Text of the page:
The inn's name comes from a mystery titled Seven Keys to Baldplate by Earl Derr Biggers, which was about an inn located in New York named Baldplate. Each guest was given a key. Diggers, upon visiting the inn here in Estes Park, declared that it was exactly as he imagined the one in his novel to be. The Mace's then started to give away keys to the inn. This stopped during WWI when metal became very expensive. But guests started to bring keys to the inn and eventually the Mace's began to display them. The inn has keys from notable places such as the Pentagon, Westminster Abbey, and Mozart's wine cellar. The collection is in the process of being catalogued.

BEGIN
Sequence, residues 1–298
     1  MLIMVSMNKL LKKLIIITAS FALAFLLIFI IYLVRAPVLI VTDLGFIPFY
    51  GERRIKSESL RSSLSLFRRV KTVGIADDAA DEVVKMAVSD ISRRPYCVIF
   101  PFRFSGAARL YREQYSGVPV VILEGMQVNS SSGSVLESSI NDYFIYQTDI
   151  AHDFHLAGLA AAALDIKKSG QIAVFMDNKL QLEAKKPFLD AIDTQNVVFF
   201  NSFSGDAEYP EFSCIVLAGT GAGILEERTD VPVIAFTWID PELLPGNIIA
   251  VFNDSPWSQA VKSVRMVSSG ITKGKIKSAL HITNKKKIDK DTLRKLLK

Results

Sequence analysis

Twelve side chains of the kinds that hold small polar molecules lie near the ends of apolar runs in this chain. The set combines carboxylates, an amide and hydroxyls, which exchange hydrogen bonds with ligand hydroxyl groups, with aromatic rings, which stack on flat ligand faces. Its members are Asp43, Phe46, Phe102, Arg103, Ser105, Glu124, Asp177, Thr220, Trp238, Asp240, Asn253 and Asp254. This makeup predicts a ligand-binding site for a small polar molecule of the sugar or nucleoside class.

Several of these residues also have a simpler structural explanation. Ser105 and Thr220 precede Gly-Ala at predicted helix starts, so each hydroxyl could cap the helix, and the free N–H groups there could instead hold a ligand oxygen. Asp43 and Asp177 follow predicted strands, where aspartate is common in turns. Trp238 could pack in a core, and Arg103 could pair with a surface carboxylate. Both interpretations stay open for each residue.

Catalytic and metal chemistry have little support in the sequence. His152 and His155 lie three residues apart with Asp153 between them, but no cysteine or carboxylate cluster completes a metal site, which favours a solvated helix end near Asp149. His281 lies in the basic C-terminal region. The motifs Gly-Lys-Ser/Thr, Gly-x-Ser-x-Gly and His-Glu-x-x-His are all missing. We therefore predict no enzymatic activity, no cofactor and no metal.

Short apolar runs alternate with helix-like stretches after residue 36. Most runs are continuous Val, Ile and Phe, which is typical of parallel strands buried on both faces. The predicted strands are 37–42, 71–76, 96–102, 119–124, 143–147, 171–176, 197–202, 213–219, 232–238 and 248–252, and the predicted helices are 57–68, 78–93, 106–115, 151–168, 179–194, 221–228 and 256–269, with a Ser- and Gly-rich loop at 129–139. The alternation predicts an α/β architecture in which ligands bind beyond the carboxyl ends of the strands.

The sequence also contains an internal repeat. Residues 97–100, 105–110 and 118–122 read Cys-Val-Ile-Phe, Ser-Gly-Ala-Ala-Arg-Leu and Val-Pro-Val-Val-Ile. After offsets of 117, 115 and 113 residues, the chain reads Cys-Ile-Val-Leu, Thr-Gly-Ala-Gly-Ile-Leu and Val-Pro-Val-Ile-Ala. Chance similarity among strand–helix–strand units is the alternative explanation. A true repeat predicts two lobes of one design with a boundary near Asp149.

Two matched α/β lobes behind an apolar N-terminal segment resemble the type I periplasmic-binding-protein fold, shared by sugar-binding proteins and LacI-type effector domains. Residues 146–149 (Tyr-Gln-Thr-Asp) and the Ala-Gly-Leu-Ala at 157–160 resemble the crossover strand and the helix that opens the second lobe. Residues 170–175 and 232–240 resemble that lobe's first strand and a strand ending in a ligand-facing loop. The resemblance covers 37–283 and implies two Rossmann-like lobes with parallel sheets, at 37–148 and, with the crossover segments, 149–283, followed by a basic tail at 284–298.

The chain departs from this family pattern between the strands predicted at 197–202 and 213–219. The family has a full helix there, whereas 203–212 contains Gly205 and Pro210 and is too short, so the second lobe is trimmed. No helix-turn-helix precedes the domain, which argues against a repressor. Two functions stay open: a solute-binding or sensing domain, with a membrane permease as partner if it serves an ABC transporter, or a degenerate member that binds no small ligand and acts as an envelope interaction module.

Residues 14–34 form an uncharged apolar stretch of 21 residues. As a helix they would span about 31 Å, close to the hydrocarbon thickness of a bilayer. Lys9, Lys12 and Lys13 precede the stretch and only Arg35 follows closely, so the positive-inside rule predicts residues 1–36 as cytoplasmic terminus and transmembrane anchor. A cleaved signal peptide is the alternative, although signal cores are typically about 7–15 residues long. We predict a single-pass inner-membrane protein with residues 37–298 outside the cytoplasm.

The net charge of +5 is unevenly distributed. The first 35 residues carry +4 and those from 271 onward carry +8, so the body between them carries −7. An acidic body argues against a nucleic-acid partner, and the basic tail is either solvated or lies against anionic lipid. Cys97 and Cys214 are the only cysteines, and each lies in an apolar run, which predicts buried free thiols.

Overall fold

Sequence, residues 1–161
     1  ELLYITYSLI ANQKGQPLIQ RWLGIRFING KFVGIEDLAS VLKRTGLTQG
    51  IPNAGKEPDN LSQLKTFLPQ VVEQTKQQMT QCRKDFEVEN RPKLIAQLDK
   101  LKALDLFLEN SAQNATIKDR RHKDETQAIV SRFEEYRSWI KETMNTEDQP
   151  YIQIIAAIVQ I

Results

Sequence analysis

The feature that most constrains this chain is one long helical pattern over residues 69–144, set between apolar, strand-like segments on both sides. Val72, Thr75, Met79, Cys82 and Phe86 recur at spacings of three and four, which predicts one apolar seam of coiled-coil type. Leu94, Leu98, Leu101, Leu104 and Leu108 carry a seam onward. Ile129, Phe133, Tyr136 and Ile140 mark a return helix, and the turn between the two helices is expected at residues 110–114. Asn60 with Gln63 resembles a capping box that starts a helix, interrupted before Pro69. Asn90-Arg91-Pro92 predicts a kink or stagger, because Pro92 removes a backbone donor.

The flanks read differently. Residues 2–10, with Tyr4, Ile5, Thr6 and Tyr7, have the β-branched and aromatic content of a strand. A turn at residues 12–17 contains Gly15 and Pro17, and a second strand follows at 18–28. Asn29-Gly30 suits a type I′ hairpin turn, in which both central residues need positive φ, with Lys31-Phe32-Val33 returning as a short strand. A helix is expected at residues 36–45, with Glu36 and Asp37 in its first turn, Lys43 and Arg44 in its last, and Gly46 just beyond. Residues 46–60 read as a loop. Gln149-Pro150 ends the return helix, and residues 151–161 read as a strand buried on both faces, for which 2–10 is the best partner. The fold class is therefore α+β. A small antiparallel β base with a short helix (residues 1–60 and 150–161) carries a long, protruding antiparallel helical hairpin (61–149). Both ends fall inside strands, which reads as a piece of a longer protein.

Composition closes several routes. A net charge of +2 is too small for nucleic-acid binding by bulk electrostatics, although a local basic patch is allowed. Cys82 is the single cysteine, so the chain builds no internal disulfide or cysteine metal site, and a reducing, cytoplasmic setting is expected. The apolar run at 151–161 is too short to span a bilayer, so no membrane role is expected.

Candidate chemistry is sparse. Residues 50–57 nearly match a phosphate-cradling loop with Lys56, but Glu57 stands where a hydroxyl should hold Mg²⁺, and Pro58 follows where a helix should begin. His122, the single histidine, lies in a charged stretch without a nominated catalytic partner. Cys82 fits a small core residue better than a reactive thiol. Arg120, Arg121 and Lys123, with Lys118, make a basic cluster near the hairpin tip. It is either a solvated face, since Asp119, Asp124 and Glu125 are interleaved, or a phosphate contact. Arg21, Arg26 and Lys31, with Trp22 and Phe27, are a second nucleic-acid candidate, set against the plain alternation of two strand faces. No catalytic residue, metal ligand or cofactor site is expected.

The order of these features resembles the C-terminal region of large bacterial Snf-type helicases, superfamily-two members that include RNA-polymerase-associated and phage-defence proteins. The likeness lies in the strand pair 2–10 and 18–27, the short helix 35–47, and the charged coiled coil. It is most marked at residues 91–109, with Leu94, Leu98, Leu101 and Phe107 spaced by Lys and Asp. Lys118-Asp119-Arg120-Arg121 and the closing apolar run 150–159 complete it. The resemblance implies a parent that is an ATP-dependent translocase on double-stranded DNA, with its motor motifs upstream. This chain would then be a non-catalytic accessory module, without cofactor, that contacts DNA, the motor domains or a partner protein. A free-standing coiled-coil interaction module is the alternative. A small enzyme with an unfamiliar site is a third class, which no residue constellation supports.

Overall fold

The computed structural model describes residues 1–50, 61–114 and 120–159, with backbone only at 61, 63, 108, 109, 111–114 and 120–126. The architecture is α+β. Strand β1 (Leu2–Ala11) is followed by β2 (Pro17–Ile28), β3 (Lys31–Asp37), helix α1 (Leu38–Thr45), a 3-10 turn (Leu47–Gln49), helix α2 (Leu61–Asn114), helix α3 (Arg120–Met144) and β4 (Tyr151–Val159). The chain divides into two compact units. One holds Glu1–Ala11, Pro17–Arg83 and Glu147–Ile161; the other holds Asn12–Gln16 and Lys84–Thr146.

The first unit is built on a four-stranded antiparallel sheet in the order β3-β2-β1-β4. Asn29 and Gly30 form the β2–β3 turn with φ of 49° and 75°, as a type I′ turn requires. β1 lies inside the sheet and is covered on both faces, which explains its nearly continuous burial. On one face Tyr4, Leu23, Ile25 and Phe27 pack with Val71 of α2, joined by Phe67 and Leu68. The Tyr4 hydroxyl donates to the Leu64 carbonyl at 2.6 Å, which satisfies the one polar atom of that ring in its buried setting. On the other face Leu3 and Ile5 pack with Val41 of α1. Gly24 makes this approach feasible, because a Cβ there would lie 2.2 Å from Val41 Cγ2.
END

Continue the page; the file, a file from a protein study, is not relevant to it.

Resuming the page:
Also displayed at the inn is a great collection of photographs, most of which were taken by Charles, and Stuart, both of whom were professional photographers. Sadly, Stuart died of pneumonia in 1920 but Charles lived on to have a long career in the medium. He served in the Army as General Pershing's personal photographer during the war, and then worked Denver newspapers. He photographed several famous people such as Theodore Roosevelt, Thomas Edison, and Woodrow Wilson (it is not clear which, if any, famous person Stuart photographed).